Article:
Ruffer Investment Company has further reduced equity exposure of its defensive global portfolio in response to the uncertainties facing markets.
Ruffer Investment Company (RICA) has reduced its equity exposure in response to the uncertainties of 2017.
‘As is the case every year, 2017 began with a blizzard of forecasts and global prognostications from analysts, strategists and others of the now derided class formerly known as ‘experts’,’ the investment trust’s managers, Steve Russell and Hamish Baillie, said in their latest monthly update.
‘Many of the same boffins who were confidently forecasting president Trump as a left tail event and a negative market shock just six months ago are now equally confident in anticipating a mini-boom in GDP fired by his policies of deregulation and tax-cuts.’
The duo believe that on the whole investors have reacted positively to the policy proposals emerging from president Trump’s White House. However, they argue that now the market will need proof of success before it advances any further.
Consequently, during January the trust cut back its equity exposure to around 38% of net assets, taking profits in Qualcomm, Microsoft, Conviviality (CVR) and Oracle.
The remaining equities in the portfolio fall into what Russell and Baillie describe as ‘the greed camp’ and comprise of cyclical and financial stocks — which are set to benefit if the current positive growth environment endures and sees interest rates rise.
During January the trust’s net asset value rose by 1.2%, versus a 0.3% decline in the FTSE All Share Total return index. The fund is currently trading at a 2.1% discount.
Russell and Baillie said: ‘The political context changed last year and we must recognise this. The second half of 2016 was the beginning of a new chapter as yet unwritten and the longer electorates see that rebellion does not result in the threatened economic calamity, the more emboldened they will be to depose those in power.’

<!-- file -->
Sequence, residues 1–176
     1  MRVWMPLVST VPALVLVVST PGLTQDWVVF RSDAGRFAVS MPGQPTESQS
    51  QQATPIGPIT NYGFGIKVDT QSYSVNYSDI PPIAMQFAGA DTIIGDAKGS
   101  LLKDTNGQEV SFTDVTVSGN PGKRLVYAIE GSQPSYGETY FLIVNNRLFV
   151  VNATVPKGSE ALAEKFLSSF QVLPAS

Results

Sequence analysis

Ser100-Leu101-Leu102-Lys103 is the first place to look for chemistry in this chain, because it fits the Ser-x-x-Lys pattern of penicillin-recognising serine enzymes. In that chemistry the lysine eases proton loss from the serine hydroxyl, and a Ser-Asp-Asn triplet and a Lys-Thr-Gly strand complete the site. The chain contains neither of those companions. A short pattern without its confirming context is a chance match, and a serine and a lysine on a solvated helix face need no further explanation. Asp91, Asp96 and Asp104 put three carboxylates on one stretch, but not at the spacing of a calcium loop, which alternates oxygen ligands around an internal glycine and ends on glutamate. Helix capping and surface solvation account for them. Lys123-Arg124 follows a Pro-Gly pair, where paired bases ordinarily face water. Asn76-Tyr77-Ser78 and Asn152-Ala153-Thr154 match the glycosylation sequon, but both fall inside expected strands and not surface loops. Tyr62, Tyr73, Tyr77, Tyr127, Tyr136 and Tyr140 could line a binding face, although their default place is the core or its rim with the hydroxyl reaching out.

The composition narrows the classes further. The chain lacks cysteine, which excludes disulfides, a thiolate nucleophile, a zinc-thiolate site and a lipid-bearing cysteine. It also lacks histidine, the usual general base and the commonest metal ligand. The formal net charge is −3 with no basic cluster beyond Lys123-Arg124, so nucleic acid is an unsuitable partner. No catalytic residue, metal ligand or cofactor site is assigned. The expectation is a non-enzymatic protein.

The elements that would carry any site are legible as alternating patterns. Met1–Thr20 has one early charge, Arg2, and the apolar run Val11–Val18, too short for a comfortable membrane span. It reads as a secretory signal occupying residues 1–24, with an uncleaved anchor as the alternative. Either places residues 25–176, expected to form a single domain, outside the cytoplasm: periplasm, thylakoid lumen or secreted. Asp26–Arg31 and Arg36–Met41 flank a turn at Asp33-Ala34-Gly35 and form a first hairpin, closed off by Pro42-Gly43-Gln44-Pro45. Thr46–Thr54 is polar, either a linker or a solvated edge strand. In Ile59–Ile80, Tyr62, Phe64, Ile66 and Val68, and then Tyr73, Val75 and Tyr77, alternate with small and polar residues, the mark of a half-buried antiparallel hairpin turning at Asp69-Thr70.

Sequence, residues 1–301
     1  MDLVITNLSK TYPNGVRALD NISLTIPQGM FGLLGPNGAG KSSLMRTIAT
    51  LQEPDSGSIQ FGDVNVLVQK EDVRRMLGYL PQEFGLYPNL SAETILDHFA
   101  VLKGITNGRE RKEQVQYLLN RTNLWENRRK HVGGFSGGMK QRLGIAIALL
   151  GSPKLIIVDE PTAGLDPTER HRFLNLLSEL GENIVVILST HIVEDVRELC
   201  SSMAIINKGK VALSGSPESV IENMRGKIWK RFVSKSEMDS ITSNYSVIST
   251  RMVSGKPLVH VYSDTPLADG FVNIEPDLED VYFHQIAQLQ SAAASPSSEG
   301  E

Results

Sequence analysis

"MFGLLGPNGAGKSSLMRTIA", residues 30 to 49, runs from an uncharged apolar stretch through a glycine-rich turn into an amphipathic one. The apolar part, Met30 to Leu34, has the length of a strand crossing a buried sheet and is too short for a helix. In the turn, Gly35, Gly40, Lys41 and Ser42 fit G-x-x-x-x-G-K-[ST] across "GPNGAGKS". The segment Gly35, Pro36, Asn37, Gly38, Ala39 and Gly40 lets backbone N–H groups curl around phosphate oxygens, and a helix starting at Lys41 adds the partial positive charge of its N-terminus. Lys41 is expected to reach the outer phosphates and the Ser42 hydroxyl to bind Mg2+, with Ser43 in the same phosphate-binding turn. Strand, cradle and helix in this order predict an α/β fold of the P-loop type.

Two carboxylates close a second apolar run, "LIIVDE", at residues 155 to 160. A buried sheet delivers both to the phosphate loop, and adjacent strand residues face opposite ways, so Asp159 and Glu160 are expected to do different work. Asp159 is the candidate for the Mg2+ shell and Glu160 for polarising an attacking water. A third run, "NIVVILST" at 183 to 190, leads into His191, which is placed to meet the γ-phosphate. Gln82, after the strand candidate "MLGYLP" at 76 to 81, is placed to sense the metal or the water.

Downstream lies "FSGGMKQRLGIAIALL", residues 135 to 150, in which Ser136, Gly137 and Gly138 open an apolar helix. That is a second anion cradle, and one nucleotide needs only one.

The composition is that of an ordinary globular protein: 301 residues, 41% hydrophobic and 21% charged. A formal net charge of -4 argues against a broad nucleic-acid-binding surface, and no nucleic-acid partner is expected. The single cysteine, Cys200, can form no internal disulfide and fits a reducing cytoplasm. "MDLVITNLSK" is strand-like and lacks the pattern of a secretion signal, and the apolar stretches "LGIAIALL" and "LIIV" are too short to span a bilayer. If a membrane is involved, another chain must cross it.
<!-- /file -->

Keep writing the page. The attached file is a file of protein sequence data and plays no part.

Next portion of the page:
To counter this uncertainty, in ‘the fear corner’ of the portfolio, Russell and Baillie hold index-linked bonds and gold to protect against a Trump misfire which may result in a surprise economic weakness, inflation and negative real interest rates.
Russell and Baillie warn that ‘the Goldilocks scenario’ of little growth, benign inflation and unprecedented low-interest rates have benefited asset prices. Inflation and growth improvement leading to interest rates will see financial conditions tighten.
‘Counterintuitively, history tells us that strong growth can be bad for the stock market when coupled with either higher inflation or higher interest rates. Investors should be careful what they wish for.’
‘Looking back to the events of last year, and their likely influence on markets in 2017, we are reminded of a quotation from the unlikely source of Vladimir Lenin: "There are decades where nothing happens; and there are weeks where decades happen." Will history show that Brexit or Trump were such moments in time? If one looks through a long enough lens, the period since 2009 feels like a single chapter in history.’